Type 1 Diabetes Stopped: How Scientists Did It
No one is sure exactly why it happens, but in some people, and at an early age, the immune system attacks and destroys the pancreatic beta cells until the body no longer can produce insulin. But not knowing exactly why it happens did not stop one group of scientists from stopping type 1 diabetes in mice.
Can we stop type 1 diabetes?
Type 1 diabetes, previously called juvenile diabetes because it first appears during childhood or in young adults, is an autoimmune disease in which the pancreas stops making insulin. About 5 percent of the nearly 26 million children and adults with diabetes in the United States have type 1 disease, which is equivalent to about 1 in every 400 children and adolescents.
Finding a way to put the brakes on the development of type 1 diabetes in humans would be a monumental breakthrough, and this new study from Karolinska Institute in Sweden is a significant start. The brakes were applied to genetically susceptible mice by injecting them with specially prepared cells.
Scientists have known that immune system cells called macrophages are involved in the destruction of beta cells. However, macrophages don't always attack beta cells: they can be instructed to protect rather than destroy. So the scientists looked for the cells that give the instructions, and those are immune cells called cytokines.
According to the lead researcher, Robert Harris, he and his team discovered which cytokines send signals to macrophages to protect rather than to destroy. "We managed to achieve this aim, defining a novel combination of cytokines that confer on macrophages the ability to protect mice from developing Type 1 diabetes."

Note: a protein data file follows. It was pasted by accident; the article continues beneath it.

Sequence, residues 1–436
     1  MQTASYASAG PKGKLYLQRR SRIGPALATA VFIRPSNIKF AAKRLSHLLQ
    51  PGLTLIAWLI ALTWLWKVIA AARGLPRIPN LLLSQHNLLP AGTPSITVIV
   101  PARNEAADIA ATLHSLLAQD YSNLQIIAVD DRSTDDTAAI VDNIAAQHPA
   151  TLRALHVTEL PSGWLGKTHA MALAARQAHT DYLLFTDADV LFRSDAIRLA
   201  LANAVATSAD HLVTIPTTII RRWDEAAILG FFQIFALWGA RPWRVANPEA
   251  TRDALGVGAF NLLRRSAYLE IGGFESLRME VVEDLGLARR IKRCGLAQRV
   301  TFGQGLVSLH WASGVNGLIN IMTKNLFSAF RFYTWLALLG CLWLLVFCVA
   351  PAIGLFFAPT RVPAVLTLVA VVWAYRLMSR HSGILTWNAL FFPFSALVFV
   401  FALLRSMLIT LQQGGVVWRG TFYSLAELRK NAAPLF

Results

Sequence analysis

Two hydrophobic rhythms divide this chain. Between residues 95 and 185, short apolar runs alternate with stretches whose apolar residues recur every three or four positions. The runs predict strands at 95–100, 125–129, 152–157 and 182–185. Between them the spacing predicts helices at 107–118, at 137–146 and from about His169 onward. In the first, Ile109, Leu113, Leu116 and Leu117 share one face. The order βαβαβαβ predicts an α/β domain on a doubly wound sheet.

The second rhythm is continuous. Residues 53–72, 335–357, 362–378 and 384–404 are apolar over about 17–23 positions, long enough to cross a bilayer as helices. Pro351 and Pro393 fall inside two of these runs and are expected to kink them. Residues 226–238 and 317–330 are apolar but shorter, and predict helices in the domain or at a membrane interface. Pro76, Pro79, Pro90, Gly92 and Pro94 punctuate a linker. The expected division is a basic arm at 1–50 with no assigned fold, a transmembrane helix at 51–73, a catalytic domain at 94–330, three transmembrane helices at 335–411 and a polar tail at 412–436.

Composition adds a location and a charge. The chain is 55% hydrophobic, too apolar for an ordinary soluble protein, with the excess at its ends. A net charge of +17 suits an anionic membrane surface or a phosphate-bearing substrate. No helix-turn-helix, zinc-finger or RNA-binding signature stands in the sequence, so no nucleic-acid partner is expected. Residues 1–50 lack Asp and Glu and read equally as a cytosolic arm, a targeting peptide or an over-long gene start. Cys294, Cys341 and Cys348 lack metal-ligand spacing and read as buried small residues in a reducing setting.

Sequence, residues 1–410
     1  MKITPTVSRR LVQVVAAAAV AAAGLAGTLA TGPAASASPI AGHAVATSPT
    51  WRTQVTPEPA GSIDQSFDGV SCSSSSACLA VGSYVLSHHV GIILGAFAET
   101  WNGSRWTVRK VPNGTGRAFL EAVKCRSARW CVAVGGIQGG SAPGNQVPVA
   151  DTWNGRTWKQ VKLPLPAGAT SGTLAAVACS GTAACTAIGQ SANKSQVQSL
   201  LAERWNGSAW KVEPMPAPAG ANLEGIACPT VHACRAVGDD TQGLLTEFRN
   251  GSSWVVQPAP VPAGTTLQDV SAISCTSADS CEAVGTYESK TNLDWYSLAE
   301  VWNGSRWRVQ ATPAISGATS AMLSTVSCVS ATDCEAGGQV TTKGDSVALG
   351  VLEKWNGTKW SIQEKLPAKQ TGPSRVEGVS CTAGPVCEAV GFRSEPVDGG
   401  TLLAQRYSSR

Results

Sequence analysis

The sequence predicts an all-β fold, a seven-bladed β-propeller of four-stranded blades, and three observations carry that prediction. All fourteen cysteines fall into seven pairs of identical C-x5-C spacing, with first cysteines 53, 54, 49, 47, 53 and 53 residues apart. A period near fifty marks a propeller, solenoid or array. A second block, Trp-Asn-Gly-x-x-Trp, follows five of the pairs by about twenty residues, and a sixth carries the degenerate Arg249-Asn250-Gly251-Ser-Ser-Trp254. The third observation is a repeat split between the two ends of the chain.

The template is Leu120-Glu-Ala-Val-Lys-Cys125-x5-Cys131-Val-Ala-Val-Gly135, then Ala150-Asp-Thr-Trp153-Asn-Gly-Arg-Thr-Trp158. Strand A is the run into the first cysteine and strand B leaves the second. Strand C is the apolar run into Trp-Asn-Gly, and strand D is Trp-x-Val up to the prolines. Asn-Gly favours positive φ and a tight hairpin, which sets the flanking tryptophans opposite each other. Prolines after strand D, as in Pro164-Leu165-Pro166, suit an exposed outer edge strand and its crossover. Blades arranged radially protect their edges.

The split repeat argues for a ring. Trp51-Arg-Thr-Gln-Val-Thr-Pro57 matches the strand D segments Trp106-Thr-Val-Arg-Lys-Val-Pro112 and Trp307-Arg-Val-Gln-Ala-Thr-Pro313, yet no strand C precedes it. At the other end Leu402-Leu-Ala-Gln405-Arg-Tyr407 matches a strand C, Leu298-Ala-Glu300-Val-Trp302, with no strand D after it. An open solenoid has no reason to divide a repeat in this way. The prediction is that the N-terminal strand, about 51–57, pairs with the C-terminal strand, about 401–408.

The mice used in the study were genetically susceptible to develop the autoimmune disease within 12 to 30 weeks after birth. At age 16 weeks, the mice were placed into one of three groups:
- Mice that received macrophages treated with a specific set of cytokines
- Mice that received untreated macrophages
- Mice that did not receive any macrophages
The mice in all three groups were observed for three months to see what would happen to the beta cells. In the mice that received macrophages treated with cytokines, only 25 percent developed type 1 diabetes compared with 83 percent of the mice in the other two groups.
Harris noted that even though they introduced the cytokine-treated macrophages just two weeks before the mice developed type 1 diabetes, a point when there are only a few beta cells remaining that can produce insulin, "we were able to protect these so that the mice never developed diabetes."
What causes type 1 diabetes?
Experts believe both genetic and environmental factors have a role in triggering the events that lead to the destruction of the beta cells in the pancreas and the resulting type 1 diabetes. Viral infections, including enteric viruses that attack the intestinal tract, are among the possible environmental factors behind type 1 diabetes.
Other environmental factors include a vitamin D deficiency, which has been proposed as a possible cause of development of type 1 diabetes in children. At least one study has also suggested that women who eat more vegetables during pregnancy may help protect against development of the disease in their children.
At least 18 genetics locations have been identified as being related to type 1 diabetes, and others may be found. Genetics does not appear to have a large role, however. Most individuals who develop type 1 diabetes have no family history of the disease. In fact, the chances of inheriting the disease are only 10 percent if someone has a first-degree relative with diabetes.
The new Swedish study is significant in that "such a successful late-stage intervention has never previously been reported." Scientists were able to stop type 1 diabetes at a stage when "most human individuals have already lost most of their insulin-producing beta cells."
American Diabetes Association
Holick MF. The D-lightful vitamin D for child health. J Parenter Enteral Nutrition 2012 Jan; 36(1 Suppl): 9S-19S
Parsa R et al. Adoptive transfer of immunomodulatory M2 macrophages prevents type 1 diabetes in NOD mice. Diabetes 2012 Jun 28; DOI:10.2337/db11-1635
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